Sunday, April 1, 2012

edible play-doh

I generally fail both at sleeping in and the lazy weekend morning concept. Today I decided that because I couldn't sleep in, I'd try to make fresh pasta again. My sister gifted me a pasta extruder attachment for Kitty the Kitchenaid stripper a while ago, and shamefully I'd only used it once before today.

Last time I made pasta from scratch, the resulting noodles were a little too thick and kind of a weird texture. So I've been doing some research online to see if maybe I made some grave error the last time around. All I really learned, though, is that there's a pretty wide range of recipes, techniques, and opinions on the dough-making process.

Ultimately I landed on a tutorial by Giuliano Hazan, son of of the famous Italian chef and cookbook author Marcella Hazan. Not only was the page I found extremely detailed, it also included a helpful "how-to" youtube video embedded within. As if all of that weren't enough to convince you that you, too, could whip out pasta like a Hazan, there are pictures of little kids with mounds of flour and egg in front of them. See? So easy a kid can handle this.

So instead of keeping things simple, I decided to try a couple of dueling methods/recipes. I made a dough solely of whole wheat flour and eggs (from Hazan's tutorial), and one of a combo of whole wheat pastry flour, regular flour, eggs, olive oil, water, and salt (from here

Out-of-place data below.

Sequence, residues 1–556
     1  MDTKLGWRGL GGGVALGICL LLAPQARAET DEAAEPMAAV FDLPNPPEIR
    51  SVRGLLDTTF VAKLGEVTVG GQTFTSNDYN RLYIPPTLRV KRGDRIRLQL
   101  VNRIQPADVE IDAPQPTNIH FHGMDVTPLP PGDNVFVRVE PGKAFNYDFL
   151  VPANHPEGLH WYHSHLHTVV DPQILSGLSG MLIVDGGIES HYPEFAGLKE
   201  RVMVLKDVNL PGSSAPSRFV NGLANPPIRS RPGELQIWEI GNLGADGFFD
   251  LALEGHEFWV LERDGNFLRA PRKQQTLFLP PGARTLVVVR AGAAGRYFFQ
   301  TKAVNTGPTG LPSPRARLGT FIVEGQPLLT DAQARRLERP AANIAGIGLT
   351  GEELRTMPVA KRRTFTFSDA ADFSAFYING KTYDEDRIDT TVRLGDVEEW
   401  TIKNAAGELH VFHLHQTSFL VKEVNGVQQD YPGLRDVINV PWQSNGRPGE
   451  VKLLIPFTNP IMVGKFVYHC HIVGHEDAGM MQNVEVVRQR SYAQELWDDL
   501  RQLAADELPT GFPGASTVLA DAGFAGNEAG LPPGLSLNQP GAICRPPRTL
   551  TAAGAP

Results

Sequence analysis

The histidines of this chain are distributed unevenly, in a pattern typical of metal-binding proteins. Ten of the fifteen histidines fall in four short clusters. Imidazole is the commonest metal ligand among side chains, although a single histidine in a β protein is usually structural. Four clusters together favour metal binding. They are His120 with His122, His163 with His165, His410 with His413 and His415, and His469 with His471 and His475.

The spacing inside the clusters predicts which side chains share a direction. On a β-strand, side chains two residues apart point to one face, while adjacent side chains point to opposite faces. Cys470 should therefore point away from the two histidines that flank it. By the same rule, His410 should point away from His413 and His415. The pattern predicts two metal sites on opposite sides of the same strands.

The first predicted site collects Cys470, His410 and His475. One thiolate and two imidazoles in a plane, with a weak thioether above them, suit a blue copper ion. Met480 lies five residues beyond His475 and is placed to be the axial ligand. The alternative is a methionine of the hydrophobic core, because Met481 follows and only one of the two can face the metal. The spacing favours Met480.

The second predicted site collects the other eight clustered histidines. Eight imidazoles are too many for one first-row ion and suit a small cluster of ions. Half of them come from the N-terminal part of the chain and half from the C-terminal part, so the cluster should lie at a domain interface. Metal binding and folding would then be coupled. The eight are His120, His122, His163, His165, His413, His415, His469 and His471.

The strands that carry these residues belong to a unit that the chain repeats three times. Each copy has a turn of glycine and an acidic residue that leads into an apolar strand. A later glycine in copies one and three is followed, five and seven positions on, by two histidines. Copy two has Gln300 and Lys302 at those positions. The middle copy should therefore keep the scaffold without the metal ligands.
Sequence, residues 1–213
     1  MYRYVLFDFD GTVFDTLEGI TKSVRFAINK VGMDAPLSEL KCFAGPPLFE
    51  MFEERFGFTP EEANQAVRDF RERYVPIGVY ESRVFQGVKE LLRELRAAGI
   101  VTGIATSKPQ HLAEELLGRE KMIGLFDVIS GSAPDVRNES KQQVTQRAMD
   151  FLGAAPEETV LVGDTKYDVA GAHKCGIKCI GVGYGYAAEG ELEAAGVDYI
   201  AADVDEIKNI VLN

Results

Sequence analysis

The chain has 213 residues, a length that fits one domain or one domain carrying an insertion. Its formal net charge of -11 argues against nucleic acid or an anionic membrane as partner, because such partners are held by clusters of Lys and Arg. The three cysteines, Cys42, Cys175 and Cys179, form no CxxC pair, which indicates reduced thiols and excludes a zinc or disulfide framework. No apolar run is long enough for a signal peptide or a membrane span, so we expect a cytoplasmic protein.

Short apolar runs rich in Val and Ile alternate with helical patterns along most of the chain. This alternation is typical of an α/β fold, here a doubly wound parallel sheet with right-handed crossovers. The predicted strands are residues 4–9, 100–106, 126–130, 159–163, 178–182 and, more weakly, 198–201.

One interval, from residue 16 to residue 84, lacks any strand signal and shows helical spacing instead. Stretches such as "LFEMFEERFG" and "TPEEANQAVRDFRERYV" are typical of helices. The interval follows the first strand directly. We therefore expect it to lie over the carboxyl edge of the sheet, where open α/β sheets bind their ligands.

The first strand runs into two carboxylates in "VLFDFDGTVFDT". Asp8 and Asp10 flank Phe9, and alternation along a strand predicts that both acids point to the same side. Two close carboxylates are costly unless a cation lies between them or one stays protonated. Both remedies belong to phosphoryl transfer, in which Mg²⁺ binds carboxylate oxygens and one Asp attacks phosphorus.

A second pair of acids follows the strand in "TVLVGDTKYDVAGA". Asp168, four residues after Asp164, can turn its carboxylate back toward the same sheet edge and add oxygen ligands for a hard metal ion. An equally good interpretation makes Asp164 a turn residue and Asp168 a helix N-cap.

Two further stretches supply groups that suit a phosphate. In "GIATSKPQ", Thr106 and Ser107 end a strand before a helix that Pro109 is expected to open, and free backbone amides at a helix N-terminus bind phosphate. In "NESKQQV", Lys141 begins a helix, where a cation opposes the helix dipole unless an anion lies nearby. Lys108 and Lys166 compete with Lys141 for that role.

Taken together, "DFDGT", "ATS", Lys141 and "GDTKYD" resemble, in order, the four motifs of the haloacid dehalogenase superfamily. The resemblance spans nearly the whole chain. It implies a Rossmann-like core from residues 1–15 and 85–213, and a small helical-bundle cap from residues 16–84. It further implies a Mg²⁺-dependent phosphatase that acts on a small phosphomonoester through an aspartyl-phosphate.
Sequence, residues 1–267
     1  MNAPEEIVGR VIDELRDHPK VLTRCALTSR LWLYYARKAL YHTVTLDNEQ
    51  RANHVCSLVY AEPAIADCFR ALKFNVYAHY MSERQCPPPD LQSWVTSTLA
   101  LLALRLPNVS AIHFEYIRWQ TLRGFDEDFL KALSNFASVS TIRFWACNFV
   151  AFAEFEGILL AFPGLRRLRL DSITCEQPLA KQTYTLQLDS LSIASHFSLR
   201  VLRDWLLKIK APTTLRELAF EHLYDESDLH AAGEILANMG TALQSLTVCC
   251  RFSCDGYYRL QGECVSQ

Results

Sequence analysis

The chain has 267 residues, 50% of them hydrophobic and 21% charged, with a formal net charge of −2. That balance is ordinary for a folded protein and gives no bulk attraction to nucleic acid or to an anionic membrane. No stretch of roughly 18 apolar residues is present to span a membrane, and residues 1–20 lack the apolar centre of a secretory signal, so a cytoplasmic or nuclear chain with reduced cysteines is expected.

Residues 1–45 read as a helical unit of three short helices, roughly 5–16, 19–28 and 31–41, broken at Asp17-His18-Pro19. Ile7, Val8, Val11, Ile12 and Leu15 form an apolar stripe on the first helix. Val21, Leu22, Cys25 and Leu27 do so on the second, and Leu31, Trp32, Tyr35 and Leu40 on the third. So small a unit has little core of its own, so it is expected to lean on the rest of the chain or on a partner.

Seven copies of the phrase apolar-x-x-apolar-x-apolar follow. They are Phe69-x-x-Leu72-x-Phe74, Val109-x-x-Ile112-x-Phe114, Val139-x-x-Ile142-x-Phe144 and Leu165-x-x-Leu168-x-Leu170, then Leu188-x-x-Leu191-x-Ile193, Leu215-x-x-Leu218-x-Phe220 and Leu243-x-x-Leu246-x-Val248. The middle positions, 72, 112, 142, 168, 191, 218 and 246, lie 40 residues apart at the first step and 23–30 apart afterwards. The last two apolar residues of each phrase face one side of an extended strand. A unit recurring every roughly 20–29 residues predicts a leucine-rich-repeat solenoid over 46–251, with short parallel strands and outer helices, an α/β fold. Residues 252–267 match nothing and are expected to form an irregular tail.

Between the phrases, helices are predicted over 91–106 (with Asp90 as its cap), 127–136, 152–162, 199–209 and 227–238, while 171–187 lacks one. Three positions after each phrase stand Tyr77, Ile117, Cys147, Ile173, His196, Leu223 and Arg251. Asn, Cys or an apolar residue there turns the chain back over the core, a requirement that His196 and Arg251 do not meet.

). Originally I planned to split them each in half, and put half of each recipe through the pasta extruder, and roll the other half by hand. Hence this set up:

Normal people go to brunch or church or a museum on a Sunday. I conduct ill-fated culinary experiments. Is there a specialist out there I could discuss this disorder with, I wonder? No time, I have eggs and flour to play with...

Anyways, the whole wheat/egg dough was what I would, at first, have described as an unmitigated disaster on par with that night I ate wine for dinner or the recent mug cake fail.

I didn't whisk enough flour in to the eggs, resulting in a runny mess when I put the fork aside and tried to incorporate things with my hands. Once I contained the egg runoff, I couldn't get things to come together at all. After adding probably 1/8 to 1/4 cup of water, I managed to get the crumbly mess in to some semblance of a cohesive ball. Frustrated and unsure of what to do, I threw it in some saran wrap to rest, and turned my attention to the other recipe.

In what would be my first real deviation from any sort of standardization in this experiment, I threw all the ingredients in my kitchenaid to let it do the combination step, a blatant attempt to avoid another eggy mess on my cutting board. I quickly realized I had a Goldilocks dilemma on my hands. My first dough was too dry. This dough, on the other hand, was the picture of sticky, and with its olive oil component, smelled more like bread than pasta. I yanked it out of the bowl and kneaded it for a good long while trying to incorporate sufficient flour. When I thought I'd reached a sufficient level of flour, I put it in saran wrap and turned my attention back to the dry whole wheat dough.